The idea that G will “grow out of it” – whatever “it” is – is thus often meaningless and certainly not reassuring.  For example, all his life G – despite assiduous and almost-constant attempts on my part to change this - has used his clothing as a combination napkin/tablecloth while eating. And that’s when he notices he has food on his face or hands...which he usually doesn’t. In the scheme of things, I’d like to think of this as minor – I mean, G is extraordinarily KIND and FUNNY and SMART – yet how will this be viewed by a potential employer? Or partner? (And no, I do not mean typical sloppiness, my “all kids have challenges/all boys are slobs” friends.)

Or perhaps your child is or you are (as am I) at the other end of the noticing/reacting spectrum and barely able to function because of obsessive compulsive (OCD) needs and/or sensory overload from crumbs and the like?

Maybe G’s table manners will improve someday. Maybe someday I will be able to ignore a single crumb on my finger. But sensory processing differences (SPD) and other neurological differences are often integral to who we are, part of our very biology. Neurodiverse and differently-abled persons may develop neurological, practical, and/or emotional strategies to function in a world that was not designed for them – and sometimes doesn’t make sense - but there is much we will never “grow out” of...

My conservative yet highly clinical estimate is that I worry about G a million, billion, gazillion times more than Z, my typically-developing, typically-abled daughter, even though she has had her issues as all children do...

I usually write more from the perspective of a child advocate, or in efforts to spread awareness and acceptance of difference. This time, I wanted to write about what the parents I know who have children with extraordinary challenges feel like a lot of the time, both to acknowledge and honor them (us) and to spread awareness on this front.

I am not complaining – my child brings me extraordinary wonder and joy every minute of every day – I am explaining.

Those of us with who are different, or have children with differences – or both! – have to navigate more-complicated, often “inappropriate*” (to us!) environments and interactions – environments and interactions that may feel overwhelming, cruel, arbitrary, opaque -- almost all the time. In a very real sense, the “problem” is the world, not our kids/us.

My Meeting Friend became my dearest and most-cherished support-network-of-one when mutual friends who knew our children kept suggesting we connect, and then our paths kept crossing en route to and from Meetings, therapies, etc. etc. My Meeting Friend was once at a Meeting – of which one has exponentially more with an atypical child (and yes I know this from personal Full Spectrum experience) – and glanced over at what one of the “professionals” there to evaluate and assess her son had written on a pad and read, “Mother appears disheveled.”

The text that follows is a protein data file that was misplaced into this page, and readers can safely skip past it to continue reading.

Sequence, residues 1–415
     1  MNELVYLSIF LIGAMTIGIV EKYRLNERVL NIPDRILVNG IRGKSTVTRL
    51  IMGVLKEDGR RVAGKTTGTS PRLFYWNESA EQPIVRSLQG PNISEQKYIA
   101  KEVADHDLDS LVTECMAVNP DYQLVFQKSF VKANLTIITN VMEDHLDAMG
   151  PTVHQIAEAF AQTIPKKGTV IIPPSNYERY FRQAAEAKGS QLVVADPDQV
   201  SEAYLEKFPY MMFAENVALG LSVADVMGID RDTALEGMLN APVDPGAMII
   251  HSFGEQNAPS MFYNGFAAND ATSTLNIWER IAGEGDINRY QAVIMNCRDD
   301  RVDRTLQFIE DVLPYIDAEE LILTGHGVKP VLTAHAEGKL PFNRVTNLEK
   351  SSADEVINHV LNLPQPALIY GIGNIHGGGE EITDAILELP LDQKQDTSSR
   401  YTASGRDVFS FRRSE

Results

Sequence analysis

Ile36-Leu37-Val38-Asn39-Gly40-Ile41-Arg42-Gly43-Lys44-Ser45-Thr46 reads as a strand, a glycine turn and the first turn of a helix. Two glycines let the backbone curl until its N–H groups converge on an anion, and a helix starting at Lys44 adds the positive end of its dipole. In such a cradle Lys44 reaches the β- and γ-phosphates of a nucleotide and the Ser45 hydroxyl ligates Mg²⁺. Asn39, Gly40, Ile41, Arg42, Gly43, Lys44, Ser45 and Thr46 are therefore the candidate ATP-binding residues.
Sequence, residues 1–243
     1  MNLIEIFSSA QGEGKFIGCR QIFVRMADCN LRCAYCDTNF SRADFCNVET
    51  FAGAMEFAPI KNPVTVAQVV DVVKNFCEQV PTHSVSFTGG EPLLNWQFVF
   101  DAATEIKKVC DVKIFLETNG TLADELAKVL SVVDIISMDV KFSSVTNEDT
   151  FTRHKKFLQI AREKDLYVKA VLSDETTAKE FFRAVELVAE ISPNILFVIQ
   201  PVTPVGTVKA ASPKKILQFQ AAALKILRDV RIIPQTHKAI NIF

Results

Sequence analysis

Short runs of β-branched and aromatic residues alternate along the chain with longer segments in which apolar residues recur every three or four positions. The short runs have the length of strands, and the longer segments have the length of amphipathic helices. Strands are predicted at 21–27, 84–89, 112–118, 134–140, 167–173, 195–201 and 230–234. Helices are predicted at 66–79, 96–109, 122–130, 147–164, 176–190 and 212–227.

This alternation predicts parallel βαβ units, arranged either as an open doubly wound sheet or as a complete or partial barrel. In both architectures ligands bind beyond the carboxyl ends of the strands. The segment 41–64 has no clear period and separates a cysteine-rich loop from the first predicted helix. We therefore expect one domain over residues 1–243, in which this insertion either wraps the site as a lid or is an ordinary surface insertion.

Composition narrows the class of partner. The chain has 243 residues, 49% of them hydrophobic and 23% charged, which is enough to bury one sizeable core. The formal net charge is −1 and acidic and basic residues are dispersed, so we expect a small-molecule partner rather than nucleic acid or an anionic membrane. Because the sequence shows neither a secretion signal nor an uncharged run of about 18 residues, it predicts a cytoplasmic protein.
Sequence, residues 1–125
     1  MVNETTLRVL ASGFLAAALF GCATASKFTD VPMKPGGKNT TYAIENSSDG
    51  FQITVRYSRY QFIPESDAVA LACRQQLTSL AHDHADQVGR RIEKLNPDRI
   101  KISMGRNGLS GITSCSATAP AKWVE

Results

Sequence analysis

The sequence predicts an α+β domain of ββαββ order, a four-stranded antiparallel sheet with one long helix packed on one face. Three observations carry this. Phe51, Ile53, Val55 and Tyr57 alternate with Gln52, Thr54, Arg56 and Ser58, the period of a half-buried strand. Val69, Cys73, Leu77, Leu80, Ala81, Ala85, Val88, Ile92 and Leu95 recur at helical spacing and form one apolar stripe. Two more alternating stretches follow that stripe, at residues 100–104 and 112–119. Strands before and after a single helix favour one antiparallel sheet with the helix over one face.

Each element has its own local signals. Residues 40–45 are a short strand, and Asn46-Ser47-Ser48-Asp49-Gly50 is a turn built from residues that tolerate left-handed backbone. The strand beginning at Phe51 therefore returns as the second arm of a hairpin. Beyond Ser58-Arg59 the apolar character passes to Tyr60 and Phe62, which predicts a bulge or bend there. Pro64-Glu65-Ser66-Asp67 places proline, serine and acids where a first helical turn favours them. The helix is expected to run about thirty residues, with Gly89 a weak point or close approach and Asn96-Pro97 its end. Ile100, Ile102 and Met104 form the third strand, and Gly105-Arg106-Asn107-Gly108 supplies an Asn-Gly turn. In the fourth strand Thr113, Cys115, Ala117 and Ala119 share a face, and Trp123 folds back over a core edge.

Now this is a mother who has willingly and bravely made changes and sacrifices for her child beyond what most could even imagine. That very day alone I am positive she had already cooked several different healthy breakfasts taking all individual food allergies into account, carefully planned out ways for both of her children to have their own kinds of successes (including – egads! – athletic successes!!!!) and learning experiences, gone to great lengths to ensure social interactions and a beneficial sensory diet for her son, written several emails regarding grades, social situations, IEP, 504,etc.,  made sure her other child felt “just as important,” oh - and worked at her job...** With a smile on her face.

I am impressed she even had clothes on after what she has been through. But there that note was -- amidst, I am sure, other stuff (such as “EXCELLENT parenting!” and “Kid is PERFECT, just a WEENSY bit unsuited to the average boring old, sensory-/social-nightmare classroom”)  --  ...”Mother appears disheveled.”




Figure I – Disheveled Mother


...Ya think? And I wasn’t there at that particular Meeting, but I do know that she has had the grace to laugh about it ever since.

My friends, do you appear disheveled or know someone who does? From crying in the car, maybe? Are you disheveled on the inside even if you appear “heveled” on the outside? You are in good company.

Much Love,
Full Spectrum Mama